Of the girls, Rani Mukerji is the scene-stealer, playing her part with an assured touch. Kareena Kapoor underplays -- mercifully -- and thus comes across as far more palatable than her regular hammy self. Esha Deol is the surprise package among the troika. While hers is the least developed character, she still manages to show flashes of her inherited acting genes.
Of the supporting cast, Om Puri is competent as the Bengali politician; Anant Nag in the role of Arjun Balakrishnan's father has too little to do to deserve more than a passing mention in the footnotes.
The real weak link in the film is -- surprisingly -- director Mani Ratnam, who takes credit for the story and screenplay.
For the classicist, movie scripts have a three-act narrative arc; they build to a mid-movie plot point at which the story spins on its axis, takes on momentum and crescendos to the climax. In Yuva, that crucial plot point is logically the moment when the lives of the three young men intersect -- but the screenplay places that right at the beginning of the film, even before the audience has fully settled in.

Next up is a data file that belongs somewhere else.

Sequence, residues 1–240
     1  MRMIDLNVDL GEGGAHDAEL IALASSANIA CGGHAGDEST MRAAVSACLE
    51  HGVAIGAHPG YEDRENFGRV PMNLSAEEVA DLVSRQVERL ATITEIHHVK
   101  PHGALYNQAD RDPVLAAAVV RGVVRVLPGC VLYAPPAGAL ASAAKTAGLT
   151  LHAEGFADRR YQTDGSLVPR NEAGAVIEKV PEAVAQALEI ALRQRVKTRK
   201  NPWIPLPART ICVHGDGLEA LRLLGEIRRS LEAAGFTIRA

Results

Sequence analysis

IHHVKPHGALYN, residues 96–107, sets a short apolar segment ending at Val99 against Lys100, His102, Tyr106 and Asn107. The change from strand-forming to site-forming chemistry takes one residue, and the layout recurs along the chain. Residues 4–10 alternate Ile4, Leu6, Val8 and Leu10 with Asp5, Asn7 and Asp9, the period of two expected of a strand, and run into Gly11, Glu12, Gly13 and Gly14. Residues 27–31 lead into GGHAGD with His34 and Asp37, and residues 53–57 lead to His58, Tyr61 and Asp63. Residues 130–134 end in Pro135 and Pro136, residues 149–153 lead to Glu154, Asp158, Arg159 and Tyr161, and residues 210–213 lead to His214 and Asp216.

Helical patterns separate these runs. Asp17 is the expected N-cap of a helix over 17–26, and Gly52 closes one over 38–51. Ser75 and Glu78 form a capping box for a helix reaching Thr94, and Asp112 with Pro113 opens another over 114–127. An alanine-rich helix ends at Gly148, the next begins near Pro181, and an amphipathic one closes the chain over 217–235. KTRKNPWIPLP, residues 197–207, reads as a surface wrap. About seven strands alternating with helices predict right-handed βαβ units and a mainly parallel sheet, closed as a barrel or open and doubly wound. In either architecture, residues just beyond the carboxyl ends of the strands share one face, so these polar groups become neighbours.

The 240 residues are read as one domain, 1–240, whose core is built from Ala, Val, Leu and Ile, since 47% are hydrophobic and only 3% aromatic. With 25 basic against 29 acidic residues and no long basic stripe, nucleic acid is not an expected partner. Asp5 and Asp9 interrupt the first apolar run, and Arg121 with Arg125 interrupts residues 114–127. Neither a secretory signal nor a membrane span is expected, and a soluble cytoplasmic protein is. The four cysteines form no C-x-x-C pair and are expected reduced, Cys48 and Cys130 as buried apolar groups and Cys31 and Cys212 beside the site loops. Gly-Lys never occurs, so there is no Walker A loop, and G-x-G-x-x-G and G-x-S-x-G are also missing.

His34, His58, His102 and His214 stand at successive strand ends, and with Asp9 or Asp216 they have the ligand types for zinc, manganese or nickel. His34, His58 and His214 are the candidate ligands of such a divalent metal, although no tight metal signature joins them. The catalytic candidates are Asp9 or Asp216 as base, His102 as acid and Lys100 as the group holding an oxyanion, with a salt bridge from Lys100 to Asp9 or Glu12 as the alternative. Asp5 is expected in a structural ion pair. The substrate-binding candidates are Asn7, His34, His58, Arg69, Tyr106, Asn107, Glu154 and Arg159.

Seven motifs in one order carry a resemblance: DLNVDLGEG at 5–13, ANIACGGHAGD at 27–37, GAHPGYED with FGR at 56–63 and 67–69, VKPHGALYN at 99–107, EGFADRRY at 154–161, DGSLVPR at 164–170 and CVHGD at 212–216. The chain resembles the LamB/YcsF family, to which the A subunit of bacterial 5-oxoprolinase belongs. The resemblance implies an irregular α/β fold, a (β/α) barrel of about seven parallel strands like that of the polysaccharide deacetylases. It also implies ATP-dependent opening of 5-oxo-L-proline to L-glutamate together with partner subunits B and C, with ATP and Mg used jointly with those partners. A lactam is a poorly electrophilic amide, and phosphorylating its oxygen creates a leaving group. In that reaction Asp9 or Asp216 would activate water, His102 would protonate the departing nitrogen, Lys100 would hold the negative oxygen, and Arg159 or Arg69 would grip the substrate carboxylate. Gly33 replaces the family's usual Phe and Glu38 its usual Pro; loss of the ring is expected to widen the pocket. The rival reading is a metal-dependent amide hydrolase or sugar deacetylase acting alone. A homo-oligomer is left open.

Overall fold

The story then segues into three extended flashbacks, providing the back-story of the three central male characters. The device could possibly have worked had the flashbacks been crisp -- the director, however, indulges in over-elaboration to the point where, at the halfway stage, he has only managed to introduce two of the three characters, leaving the third flashback to the second half of the film.
Three quarters of the film's length is thus taken up in character sketches, in introducing the three young men and in telling you how they got to be who they are. That leaves the director less than half an hour of screen time to tell his story.
The result? A speeded-up denouement that leaves you puzzled -- what in heck was all the fuss about? And more importantly, what is the story about?